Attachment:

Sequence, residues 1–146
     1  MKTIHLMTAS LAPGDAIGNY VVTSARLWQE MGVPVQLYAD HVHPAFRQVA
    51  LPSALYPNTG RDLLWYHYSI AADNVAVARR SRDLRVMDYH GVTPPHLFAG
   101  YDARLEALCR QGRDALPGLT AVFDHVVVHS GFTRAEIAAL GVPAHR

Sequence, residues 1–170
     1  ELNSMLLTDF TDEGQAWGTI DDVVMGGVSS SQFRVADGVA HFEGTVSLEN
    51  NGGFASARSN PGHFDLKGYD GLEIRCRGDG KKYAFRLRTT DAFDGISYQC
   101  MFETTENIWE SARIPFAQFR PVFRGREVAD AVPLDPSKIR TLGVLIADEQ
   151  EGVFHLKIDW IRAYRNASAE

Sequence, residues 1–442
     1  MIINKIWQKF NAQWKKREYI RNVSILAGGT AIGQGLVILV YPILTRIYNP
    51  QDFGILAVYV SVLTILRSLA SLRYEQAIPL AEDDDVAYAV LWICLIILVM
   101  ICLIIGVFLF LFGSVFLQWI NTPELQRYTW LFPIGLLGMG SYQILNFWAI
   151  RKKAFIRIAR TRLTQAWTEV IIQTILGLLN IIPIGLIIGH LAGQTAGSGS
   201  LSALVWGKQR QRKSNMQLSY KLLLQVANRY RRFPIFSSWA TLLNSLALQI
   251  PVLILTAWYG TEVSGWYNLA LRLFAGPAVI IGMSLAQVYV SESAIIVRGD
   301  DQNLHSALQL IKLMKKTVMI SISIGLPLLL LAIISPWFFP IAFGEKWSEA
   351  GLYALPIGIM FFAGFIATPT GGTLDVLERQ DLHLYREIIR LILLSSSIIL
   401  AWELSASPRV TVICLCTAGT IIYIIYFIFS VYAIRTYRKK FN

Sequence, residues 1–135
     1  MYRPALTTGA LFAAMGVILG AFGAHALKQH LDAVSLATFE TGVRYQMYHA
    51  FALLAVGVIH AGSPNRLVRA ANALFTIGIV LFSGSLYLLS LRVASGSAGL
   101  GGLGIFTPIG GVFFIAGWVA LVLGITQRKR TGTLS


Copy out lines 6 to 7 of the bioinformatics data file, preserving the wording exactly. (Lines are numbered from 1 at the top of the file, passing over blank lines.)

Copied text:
     1  ELNSMLLTDF TDEGQAWGTI DDVVMGGVSS SQFRVADGVA HFEGTVSLEN
    51  NGGFASARSN PGHFDLKGYD GLEIRCRGDG KKYAFRLRTT DAFDGISYQC